Howard Rheingold writes about scale free networks. Using e-mail rather than SMS as the messaging medium for mobile phones has made mobile Internet services in Japan more successful than in the West, says an industry expert - a claim supported by recently discovered mathematical properties of networks. Excerpts with edits and comments:
"E-mail was a great enabler of mobile Internet in Japan, and there is a fundamental mathematical reason for this," claimed Ville Saarikoski, a Finn who lived in Japan when i-mode was launched and former head of mobile R&D for Sonera. E-mail networks, he noted, have the unique structure of "scale-free" or "small world" networks, while the potential connectivity between nodes of SMS networks are far more highly constrained - it takes much longer, with many more hops, to travel across networks that do not have scale-free distribution. If he's right - future mobile Internet services that enable the formation of scale-free networks could be far more successful than services that don't allow people to grow networks of that form. Scale-free network shows, from neurons to power grids, are made of a relatively few highly interconnected hubs and a majority of weakly connected nodes; this ratio remains the same no matter how large the network grows, hence, "scale-free."
Saarikoski says Christensen's The Innovator's Dilemma and Hargadon's How Breakthroughs stimulated him. Christensen demonstrated how even the best-established companies can fail if they don't pay attention to "disruptive technologies" that could make their products or services obsolete. Hargadon argued that breakthrough innovations are created by bridging distinct social networks, defining technology as people, ideas and objects and underlines the importance of keeping ideas alive.Saarikoski explains that by combining these theories he originated the hypothesis: " I bridged the japans and finnish market insights into two and came up with eighteen disruptive possibilities within the mobile environment and relating to the mobile Internet. The next step was to make sense of the opportunities. The relevance of e-mail emerged from this material. Comparing e-mail with SMS fits beautifully into Christensen's framework - e-mail is a disruptive possibility in mobile. And the pattern of scale-free networks emerged from the same interview material."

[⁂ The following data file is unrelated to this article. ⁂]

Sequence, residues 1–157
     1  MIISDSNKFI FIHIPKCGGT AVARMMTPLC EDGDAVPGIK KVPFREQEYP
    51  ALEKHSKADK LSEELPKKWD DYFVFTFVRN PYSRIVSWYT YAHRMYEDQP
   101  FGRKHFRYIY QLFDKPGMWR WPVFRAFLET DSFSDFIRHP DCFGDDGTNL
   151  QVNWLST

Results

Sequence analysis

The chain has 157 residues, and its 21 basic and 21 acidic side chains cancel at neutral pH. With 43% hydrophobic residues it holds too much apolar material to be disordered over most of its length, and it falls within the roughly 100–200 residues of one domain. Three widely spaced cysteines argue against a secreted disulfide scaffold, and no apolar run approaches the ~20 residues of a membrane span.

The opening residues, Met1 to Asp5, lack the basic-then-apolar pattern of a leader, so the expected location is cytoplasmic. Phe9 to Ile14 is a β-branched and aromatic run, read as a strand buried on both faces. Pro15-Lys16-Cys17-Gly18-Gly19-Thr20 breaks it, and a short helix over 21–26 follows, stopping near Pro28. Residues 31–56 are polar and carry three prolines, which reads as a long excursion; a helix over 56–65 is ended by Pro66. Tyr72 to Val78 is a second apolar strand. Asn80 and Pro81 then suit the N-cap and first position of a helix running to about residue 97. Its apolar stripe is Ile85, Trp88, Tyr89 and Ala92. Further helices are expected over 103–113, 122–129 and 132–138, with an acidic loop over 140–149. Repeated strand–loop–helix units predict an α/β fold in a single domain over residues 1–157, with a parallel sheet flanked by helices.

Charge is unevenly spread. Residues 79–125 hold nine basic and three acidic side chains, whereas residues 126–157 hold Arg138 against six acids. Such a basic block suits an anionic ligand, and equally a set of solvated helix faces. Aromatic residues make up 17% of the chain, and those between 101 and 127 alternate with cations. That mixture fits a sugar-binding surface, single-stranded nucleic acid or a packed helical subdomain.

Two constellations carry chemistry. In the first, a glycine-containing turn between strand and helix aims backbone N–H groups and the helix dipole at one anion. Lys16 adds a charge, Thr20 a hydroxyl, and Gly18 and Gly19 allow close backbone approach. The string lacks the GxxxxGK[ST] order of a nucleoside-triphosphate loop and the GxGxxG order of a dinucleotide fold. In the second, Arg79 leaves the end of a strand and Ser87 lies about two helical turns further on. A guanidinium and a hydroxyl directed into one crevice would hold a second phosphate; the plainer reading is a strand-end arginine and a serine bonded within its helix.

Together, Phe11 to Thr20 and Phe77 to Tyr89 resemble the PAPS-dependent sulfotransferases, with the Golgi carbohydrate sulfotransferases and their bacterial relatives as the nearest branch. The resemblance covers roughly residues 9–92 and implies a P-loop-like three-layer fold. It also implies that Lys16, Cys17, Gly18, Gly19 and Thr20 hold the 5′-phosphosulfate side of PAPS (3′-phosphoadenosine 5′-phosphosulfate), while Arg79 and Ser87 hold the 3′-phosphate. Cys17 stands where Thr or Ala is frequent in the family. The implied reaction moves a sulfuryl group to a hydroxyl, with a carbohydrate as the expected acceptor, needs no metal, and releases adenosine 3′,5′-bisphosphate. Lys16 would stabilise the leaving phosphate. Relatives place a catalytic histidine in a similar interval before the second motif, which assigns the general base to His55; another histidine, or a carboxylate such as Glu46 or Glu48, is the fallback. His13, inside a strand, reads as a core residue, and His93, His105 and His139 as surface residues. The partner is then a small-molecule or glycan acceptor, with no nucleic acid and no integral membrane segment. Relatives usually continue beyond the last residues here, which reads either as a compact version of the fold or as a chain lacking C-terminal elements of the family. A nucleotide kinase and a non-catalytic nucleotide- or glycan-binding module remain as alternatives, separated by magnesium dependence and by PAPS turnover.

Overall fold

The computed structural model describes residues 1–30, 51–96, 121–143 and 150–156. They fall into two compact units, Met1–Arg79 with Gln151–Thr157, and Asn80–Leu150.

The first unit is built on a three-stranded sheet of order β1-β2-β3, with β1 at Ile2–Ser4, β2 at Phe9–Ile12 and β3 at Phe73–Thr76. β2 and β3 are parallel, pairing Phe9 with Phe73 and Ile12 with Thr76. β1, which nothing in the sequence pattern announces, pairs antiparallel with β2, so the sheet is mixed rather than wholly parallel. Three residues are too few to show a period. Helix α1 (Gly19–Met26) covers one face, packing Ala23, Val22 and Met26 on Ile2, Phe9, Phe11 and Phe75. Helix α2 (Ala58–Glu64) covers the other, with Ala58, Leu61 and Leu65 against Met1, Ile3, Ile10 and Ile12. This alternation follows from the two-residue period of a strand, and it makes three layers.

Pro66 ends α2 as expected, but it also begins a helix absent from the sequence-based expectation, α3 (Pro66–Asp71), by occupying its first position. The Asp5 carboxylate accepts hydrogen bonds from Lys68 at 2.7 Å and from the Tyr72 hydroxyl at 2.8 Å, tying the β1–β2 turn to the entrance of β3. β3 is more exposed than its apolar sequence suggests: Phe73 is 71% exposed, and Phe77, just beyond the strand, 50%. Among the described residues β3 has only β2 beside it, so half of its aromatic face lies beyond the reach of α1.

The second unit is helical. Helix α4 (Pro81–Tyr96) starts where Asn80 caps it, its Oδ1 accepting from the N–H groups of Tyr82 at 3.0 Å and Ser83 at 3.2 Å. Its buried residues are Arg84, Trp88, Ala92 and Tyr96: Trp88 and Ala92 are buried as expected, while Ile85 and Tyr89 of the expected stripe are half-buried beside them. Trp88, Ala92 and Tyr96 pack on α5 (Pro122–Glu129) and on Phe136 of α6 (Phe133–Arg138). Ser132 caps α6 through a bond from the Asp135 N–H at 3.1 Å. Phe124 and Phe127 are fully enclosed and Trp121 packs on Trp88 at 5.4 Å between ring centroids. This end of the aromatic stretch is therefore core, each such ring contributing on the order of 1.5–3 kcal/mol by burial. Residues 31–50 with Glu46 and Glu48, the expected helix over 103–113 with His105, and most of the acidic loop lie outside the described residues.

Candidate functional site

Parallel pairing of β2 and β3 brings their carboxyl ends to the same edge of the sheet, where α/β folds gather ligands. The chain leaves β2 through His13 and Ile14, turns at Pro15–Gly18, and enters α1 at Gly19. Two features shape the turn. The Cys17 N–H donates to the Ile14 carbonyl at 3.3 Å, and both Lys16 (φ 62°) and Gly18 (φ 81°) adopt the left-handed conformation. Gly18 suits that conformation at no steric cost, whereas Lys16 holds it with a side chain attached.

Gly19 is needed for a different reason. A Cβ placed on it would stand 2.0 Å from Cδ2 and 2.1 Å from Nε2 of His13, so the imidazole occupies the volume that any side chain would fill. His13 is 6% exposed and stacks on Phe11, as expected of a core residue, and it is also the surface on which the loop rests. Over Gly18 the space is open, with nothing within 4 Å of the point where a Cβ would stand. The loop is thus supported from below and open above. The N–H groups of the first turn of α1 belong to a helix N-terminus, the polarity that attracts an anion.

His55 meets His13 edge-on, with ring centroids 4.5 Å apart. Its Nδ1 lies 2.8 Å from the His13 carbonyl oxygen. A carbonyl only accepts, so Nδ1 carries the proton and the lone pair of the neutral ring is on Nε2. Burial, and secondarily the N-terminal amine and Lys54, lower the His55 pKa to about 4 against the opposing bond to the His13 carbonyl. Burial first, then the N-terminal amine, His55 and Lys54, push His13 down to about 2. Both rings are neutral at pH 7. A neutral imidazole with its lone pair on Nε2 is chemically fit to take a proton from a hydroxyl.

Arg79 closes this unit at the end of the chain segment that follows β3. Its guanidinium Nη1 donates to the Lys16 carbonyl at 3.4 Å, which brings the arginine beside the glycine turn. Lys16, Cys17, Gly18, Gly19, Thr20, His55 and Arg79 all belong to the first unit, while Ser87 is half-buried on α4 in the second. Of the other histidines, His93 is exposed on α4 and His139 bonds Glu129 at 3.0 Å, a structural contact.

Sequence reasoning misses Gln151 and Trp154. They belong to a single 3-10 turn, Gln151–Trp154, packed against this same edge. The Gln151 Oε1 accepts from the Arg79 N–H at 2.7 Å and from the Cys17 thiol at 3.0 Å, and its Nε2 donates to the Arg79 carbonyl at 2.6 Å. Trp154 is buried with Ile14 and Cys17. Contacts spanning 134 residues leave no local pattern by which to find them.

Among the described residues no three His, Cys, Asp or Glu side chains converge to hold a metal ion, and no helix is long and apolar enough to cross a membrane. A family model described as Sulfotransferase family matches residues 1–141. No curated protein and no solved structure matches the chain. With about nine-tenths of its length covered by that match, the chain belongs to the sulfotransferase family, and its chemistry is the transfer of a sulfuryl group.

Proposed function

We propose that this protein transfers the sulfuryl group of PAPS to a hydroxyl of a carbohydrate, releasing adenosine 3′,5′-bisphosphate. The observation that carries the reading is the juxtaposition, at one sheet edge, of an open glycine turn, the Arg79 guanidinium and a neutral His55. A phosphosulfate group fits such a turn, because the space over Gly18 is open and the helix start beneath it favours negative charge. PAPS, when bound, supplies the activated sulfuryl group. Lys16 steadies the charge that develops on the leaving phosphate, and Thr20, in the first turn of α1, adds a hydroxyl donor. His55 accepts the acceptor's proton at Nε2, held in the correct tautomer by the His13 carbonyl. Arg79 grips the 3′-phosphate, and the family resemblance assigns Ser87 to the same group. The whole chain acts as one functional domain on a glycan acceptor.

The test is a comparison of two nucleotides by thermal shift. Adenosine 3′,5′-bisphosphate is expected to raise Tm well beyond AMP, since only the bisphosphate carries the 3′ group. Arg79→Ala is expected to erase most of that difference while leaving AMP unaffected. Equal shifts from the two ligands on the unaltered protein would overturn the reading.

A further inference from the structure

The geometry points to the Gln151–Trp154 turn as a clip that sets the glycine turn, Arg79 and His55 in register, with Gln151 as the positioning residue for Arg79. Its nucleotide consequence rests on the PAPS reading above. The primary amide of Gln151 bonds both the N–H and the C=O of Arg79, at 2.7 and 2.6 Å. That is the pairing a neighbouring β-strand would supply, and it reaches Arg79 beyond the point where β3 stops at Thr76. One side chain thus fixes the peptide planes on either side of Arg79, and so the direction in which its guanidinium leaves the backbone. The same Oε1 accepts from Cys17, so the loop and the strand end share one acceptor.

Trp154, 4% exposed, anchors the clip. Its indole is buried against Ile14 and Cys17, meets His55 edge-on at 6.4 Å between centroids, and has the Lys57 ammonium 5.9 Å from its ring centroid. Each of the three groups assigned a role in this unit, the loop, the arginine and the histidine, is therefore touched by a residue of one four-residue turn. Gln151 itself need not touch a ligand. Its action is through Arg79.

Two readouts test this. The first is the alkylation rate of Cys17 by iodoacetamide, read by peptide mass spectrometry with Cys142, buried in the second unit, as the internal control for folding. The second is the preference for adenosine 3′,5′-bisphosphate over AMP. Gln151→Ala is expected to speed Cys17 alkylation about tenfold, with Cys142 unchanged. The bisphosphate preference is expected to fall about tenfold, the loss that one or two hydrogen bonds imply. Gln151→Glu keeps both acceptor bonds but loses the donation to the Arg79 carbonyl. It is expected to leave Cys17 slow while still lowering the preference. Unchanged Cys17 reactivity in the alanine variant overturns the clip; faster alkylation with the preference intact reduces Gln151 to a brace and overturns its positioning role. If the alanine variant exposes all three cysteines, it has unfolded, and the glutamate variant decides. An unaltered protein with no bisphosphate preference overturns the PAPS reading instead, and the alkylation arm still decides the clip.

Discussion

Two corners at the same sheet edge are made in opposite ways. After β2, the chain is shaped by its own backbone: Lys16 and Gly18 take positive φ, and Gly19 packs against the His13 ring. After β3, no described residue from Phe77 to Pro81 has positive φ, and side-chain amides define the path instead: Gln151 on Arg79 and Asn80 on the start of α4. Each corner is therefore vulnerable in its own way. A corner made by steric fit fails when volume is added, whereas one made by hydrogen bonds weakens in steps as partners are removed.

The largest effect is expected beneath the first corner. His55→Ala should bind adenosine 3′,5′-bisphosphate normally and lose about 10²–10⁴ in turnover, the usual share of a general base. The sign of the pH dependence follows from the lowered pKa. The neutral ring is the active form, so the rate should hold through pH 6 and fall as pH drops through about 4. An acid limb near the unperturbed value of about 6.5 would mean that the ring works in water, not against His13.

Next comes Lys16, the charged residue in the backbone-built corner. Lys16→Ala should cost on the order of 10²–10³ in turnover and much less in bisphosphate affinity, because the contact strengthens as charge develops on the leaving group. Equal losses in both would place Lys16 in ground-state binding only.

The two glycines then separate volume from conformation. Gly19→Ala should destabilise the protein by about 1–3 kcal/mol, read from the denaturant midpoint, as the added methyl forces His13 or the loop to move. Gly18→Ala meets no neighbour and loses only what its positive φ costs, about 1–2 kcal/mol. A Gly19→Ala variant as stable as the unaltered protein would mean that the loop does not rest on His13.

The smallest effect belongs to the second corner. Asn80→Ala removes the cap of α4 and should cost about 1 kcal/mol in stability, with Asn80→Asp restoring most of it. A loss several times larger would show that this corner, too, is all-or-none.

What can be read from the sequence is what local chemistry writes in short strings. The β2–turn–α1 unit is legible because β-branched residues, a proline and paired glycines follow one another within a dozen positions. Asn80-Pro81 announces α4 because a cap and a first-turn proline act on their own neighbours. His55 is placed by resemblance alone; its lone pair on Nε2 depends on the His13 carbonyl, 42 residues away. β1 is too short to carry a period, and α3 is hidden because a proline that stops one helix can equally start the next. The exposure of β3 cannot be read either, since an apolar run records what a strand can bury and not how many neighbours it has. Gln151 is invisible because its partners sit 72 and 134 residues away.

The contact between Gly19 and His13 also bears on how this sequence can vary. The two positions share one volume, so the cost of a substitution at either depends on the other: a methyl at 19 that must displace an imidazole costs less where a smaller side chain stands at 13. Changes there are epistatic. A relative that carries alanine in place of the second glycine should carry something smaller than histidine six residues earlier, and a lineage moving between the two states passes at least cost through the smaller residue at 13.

Scale-free networks like the Internet are very robust in the face of broad attack - you can still traverse the network in a small number of hops if a large number of nodes are taken out of action, as long as a sufficient number of hubs remains. In such networks, an innovation at one node - can very rapidly spread to all the nodes, transforming the functional capabilities of the network itself. SMS connects people very inefficiently. Those who design future services would do well to search for more efficient ways of connecting people. Mobile e-mail not only connects people more efficiently, but its integration with the Web is key. Perhaps the most important property of scale-free telecom networks is the property that enables them to evolve: innovations in scale-free networks can spread incredibly fast through the entire network. "Mobile operators have been obsessively focused on the agreements between a small number of players in a 'value chain.' They need to think in terms of networks, not chains".Powerful idea indeed.Worth pondering over.
Category : Scale Free Networks